- Special Sections
A meeting was held on Thursday evening bringing the Sweetwater Jaycees, the Chamber of Commerce and local businesses together in an effort to stop the proposed state law change by the Texas Parks and Wildlife Department regarding the use of noxious substances to collect non-game wildlife, which includes the gassing of rattlesnakes.
According to Dennis Cumbie, the goal of the meeting was to get public awareness of the issue. Residents are being urged right now to call their local representatives, the Texas Parks and Wildlife Department, and the Governor's office to share their feelings against the matter.
Cumbie, a Sweetwater Jaycee, stated that in the 50+ years that the Jaycees have hunted the rattlesnakes, there has been nothing heard in regards to the harm of other animals. He added that the Texas Parks and Wildlife Department has offered no direct studies of damage.
One citing has noted spiders, but Cumbie shared that the location was cited within caves around the San Antonio area, in which local hunters do not partake in hunting in that particular area.
Should the measure pass, he said that hunters would not be as likely to participate in hunting, which would have a profound effect on the annual World's Largest Rattlesnake Round-Up and the number of snakes that are caught.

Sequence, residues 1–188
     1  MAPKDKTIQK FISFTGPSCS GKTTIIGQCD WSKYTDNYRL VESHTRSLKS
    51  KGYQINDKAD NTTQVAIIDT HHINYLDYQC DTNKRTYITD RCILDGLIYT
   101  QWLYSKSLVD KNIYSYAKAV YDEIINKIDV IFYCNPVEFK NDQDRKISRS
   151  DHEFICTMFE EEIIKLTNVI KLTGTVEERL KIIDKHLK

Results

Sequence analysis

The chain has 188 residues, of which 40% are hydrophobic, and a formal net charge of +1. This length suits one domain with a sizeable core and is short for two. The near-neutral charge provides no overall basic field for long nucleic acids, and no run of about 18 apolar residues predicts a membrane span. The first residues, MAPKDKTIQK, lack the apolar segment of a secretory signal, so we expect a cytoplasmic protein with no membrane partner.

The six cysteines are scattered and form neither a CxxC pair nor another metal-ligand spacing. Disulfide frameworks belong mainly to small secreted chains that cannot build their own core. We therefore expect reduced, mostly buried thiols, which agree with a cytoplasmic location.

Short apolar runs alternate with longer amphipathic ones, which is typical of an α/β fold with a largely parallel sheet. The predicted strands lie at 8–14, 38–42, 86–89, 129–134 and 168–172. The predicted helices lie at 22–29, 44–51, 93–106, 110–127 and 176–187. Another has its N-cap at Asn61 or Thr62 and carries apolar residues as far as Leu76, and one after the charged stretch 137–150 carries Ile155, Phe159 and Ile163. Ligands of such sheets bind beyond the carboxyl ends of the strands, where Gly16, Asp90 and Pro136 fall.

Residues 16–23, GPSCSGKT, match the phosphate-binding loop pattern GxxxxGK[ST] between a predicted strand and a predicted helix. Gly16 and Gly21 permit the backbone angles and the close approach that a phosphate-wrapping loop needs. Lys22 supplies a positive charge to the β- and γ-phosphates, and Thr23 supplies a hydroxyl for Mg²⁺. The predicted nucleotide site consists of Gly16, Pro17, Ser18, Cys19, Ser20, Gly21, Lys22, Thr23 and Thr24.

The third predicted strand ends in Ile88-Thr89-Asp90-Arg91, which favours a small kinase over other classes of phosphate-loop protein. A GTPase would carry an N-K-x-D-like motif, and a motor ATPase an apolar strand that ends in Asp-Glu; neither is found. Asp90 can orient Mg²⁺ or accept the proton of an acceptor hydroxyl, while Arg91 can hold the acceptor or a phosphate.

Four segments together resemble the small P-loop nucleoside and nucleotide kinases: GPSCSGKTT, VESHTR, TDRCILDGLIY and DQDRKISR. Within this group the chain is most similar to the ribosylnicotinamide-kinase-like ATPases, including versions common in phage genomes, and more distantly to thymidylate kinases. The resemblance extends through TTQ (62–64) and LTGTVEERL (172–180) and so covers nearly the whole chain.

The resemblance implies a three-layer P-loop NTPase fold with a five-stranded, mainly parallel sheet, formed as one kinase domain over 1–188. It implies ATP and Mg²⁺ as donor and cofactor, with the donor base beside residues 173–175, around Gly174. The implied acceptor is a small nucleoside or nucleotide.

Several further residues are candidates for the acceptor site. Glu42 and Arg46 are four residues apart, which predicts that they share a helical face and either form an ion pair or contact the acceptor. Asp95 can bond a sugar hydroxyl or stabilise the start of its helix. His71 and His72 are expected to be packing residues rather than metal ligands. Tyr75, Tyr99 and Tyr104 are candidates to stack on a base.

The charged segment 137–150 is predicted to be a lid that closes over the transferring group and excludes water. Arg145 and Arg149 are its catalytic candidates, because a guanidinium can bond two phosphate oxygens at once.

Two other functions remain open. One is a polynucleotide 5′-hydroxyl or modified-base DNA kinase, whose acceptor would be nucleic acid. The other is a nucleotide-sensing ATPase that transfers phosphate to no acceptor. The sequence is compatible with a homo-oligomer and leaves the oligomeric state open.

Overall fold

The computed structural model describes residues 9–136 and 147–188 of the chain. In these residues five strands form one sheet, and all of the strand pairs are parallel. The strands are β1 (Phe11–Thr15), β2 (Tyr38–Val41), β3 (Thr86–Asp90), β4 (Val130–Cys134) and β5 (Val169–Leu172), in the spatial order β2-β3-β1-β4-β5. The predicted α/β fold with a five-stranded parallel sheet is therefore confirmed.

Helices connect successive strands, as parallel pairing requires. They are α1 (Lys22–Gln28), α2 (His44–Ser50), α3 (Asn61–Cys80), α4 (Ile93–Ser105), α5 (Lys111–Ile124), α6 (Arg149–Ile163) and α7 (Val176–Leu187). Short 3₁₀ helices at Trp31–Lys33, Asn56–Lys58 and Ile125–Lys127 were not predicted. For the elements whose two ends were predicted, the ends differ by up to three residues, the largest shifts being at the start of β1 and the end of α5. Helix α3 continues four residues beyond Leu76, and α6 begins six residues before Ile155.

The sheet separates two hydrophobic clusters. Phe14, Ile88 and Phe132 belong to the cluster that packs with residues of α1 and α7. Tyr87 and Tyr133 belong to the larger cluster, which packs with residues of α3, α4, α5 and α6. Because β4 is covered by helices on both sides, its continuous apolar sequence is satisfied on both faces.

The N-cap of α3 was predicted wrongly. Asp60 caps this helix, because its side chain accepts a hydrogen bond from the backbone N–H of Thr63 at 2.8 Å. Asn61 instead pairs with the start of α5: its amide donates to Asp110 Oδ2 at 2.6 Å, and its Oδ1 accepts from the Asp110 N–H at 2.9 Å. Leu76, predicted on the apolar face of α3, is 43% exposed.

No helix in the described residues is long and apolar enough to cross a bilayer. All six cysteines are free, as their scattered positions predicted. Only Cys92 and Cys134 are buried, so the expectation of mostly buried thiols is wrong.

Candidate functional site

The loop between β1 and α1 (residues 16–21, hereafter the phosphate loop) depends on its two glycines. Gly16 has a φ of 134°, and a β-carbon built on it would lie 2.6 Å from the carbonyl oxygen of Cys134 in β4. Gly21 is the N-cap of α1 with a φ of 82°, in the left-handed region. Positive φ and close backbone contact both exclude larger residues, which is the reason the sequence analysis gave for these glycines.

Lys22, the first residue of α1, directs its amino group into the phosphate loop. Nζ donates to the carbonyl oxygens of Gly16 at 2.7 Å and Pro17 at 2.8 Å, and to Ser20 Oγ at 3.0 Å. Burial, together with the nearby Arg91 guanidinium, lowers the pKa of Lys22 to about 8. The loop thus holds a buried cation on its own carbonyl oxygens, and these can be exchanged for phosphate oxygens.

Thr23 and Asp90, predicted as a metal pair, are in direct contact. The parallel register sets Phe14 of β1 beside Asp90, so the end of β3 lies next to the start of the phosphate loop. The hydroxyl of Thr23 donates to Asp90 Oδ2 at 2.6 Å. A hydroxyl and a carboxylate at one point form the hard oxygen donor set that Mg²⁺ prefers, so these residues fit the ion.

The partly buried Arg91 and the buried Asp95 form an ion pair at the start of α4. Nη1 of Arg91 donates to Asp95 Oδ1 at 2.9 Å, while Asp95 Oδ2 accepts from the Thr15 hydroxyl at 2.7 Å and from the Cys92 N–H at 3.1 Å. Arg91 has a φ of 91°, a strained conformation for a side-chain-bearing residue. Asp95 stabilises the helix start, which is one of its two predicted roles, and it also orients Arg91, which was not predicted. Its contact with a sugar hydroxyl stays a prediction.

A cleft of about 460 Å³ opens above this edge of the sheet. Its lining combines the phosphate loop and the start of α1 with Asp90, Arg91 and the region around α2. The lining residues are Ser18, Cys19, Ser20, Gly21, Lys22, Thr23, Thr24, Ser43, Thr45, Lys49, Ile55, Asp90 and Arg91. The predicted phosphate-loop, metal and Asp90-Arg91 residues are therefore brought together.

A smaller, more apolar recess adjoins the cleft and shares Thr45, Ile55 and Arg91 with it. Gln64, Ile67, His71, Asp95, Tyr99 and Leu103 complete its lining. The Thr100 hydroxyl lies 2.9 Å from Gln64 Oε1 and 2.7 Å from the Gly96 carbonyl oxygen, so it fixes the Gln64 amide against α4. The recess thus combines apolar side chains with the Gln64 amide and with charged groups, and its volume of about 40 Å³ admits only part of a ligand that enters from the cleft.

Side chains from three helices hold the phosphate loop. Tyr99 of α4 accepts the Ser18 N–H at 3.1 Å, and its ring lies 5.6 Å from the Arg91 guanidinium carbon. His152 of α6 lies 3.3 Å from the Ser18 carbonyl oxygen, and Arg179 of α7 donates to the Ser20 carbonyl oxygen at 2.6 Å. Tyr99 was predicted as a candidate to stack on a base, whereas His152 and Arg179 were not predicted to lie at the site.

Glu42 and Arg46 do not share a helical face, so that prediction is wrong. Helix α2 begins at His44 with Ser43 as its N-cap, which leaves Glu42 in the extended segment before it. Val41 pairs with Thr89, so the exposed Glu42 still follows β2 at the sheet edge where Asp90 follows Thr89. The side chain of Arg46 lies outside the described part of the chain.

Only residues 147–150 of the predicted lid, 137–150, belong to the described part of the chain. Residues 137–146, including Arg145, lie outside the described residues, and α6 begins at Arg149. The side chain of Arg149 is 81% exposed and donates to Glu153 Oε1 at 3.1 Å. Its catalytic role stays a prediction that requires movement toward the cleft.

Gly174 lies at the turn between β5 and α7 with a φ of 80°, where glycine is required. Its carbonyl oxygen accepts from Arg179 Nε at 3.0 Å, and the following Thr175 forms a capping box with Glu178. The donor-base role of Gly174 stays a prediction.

One of the most important aspects in catching the snakes is the venom, in which Cumbie noted that almost 90% of the venom is used to create anti-venom. If the proposed law passed, there could either be a shortage of anti-venom or none available.
Citizens can already voice their concern on the Texas Parks and Wildlife website, where a survey is available. By entering their name and county, concerned residents can select whether they agree or disagree with the proposed legislation.
To partake in the survey, visit http://www.tpwd.state.tx.us/business/feedback/public_comment/proposals/2....
A public hearing conducted by the Texas Parks and Wildlife Department will be held on Friday, January 17 at 10 a.m. at the Sweetwater campus of TSTC (Texas State Technical College) West Texas. Cumbie hopes that residents will come out in a display of community support.